The fixed-dose combination of sacubitril and valsartan (trade name: Entresto) has been approved since November 2015 for adults with symptomatic chronic heart failure with reduced pump function (ejection fraction). The German Institute for Quality and Efficiency in Health Care (IQWiG) now examined in an early benefit assessment whether this drug combination offers an added benefit for patients in comparison with the appropriate comparator therapy.
According to the findings, the positive effects regarding mortality, necessity of heart failure hospitalizations, and quality of life predominate. These were not put into question by a negative effect in non-severe side effects; hence overall an indication of considerable added benefit can be derived from the data.
Approval study terminated prematurely
In its dossier, the drug manufacturer used data from a randomized controlled trial, which compared sacubitril/valsartan directly with enalapril, each in combination with a beta-blocker. Since a planned interim analysis was able to show after 51 months already that fewer cardiovascular deaths occurred under sacubitril/valsartan, the study was terminated prematurely.
Fewer deaths due to cardiovascular failure
The data from the dossier showed that all-cause mortality was lower under sacubitril/valsartan than under enalapril, which was mainly caused by fewer cardiovascular deaths.
The results regarding the frequency of hospitalizations due to heart failure were also in favour of the new fixed-dose combination; however, these were limited to patients with a lower severity grade (NYHA class I and II). Finally, the data on health-related quality of life also showed an advantage of sacubitril/valsartan.
Hypotension more common
The only outcome for which the results were less favourable for the new fixed-dose combination than for enalapril was low blood pressure (hypotension), which belongs to non-severe side effects.
The data could not be finally interpreted for further important aspects of side effects, i.e. severe adverse events and treatment discontinuation due to adverse events, because late complications or symptoms of the disease were also recorded here. However, there was no sign that sacubitril/valsartan could cause greater harm here.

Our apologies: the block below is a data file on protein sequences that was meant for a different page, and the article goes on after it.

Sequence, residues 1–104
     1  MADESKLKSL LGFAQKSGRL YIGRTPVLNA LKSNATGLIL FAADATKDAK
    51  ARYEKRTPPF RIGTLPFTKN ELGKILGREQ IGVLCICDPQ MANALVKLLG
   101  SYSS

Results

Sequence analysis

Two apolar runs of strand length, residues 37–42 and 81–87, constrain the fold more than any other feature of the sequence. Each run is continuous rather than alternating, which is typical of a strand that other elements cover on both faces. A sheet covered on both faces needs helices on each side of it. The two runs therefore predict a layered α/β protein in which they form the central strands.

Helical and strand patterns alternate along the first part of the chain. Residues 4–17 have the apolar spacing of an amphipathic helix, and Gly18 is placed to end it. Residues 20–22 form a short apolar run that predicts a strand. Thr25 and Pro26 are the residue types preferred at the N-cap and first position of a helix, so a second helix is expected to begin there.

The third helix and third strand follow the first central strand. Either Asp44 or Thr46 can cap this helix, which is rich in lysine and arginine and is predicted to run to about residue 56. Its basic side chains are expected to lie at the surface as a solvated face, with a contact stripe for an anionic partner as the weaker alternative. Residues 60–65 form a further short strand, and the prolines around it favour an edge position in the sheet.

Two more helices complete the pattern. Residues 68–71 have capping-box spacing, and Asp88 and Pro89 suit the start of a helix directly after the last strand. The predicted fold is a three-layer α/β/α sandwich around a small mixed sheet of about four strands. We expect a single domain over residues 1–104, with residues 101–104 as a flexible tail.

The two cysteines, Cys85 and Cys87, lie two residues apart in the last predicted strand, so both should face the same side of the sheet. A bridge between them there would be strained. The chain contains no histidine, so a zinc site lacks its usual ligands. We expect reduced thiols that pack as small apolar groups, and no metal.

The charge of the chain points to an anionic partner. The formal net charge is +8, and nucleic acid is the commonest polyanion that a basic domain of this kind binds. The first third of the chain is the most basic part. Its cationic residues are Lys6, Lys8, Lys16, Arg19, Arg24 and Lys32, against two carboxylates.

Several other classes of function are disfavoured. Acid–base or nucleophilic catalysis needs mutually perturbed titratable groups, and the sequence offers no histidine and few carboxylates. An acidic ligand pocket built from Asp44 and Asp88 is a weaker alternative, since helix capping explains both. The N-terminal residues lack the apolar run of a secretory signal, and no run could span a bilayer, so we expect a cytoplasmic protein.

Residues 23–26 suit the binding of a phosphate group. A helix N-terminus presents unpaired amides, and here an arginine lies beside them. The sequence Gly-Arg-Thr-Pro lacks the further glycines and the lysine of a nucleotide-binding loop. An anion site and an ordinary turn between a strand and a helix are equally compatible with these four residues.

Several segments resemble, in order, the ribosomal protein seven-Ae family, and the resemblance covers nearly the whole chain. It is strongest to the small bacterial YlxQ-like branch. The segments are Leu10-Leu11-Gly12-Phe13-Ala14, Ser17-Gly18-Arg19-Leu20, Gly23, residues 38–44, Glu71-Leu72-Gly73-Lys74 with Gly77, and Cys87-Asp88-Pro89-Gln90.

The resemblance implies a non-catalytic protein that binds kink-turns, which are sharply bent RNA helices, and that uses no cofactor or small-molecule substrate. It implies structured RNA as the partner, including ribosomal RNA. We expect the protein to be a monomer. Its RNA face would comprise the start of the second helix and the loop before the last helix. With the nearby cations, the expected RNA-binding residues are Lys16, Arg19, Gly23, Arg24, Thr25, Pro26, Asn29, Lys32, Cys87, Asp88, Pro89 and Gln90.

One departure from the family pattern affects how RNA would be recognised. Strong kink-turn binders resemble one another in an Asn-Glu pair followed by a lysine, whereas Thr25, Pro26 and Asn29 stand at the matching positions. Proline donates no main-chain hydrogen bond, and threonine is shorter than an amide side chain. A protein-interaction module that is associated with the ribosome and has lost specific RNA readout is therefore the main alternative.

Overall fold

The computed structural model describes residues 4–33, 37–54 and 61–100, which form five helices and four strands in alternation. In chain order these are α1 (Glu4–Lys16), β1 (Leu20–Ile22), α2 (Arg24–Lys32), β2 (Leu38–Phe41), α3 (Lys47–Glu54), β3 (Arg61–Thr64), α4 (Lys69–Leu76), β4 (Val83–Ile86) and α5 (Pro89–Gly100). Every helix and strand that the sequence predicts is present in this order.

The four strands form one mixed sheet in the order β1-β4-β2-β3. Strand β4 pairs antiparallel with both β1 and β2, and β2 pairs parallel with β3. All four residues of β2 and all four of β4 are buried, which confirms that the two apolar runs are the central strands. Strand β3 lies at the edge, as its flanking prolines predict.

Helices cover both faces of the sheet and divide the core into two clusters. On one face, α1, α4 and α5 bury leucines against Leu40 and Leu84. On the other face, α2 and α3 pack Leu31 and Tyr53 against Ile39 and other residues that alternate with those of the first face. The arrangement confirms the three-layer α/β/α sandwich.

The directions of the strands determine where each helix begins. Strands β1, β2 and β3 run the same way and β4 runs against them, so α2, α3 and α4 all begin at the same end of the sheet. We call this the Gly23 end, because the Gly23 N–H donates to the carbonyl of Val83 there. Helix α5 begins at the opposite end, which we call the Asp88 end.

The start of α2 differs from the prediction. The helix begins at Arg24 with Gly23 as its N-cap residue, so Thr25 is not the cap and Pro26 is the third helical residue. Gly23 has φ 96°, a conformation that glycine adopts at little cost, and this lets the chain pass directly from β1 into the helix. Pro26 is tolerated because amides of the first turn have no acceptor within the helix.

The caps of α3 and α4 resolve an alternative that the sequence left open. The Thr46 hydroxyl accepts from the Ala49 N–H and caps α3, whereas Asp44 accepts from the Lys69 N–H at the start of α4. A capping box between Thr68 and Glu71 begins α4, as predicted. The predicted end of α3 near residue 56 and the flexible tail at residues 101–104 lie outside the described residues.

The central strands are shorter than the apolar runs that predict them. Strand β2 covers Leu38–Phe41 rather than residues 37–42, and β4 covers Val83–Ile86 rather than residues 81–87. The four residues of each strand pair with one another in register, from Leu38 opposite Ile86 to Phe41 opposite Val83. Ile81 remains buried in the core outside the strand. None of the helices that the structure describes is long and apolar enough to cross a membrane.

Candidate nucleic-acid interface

The data for further patient-relevant outcomes such as myocardial infarction, stroke or renal failure showed no relevant differences between the study arms.
Positive effects predominate
There was an indication of considerable added benefit in all-cause mortality and heart failure hospitalizations, and a hint of a minor added benefit in health-related quality of life. The data on hypotension showed a hint of greater harm, the extent of which cannot be quantified however. Overall, IQWiG therefore sees an indication of considerable added benefit of sacubitril/valsartan in comparison with enalapril (each in combination with a beta-blocker).
Conclusive studies feasible also in chronic diseases
The Act on the Reform of the Market for Medicinal Products (AMNOG) has been criticized, especially in recent times, to favour drugs for severe diseases with a short life expectancy such as cancer in the advanced stage. It has been claimed that only these settings allow to provide robust study data in a reasonable period of time to prove an added benefit. "The approval study on sacubitril/valsartan shows once again that large and conclusive studies can be conducted also for chronic diseases", commented Thomas Kaiser, Head of the IQWiG Drug Assessment Department. "The manufacturers only need the will", Kaiser added.
G-BA decides on the extent of added benefit
This dossier assessment is part of the early benefit assessment according to AMNOG supervised by the Federal Joint Committee (G-BA). After publication of the dossier assessment, the G-BA conducts a commenting procedure and makes a final decision on the extent of the added benefit.
An overview of the results of IQWiG's benefit assessment is given by a German-language executive summary. In addition, the Website gesundheitsinformation.de, published by IQWiG, provides easily understandable German-language information.
More English-language information will be available soon (Sections 2.1 to 2.6 of the dossier assessment as well as subsequently published health information on informedhealth.org). If you would like to be informed when these documents are available, please send an e-mail to » email@example.com.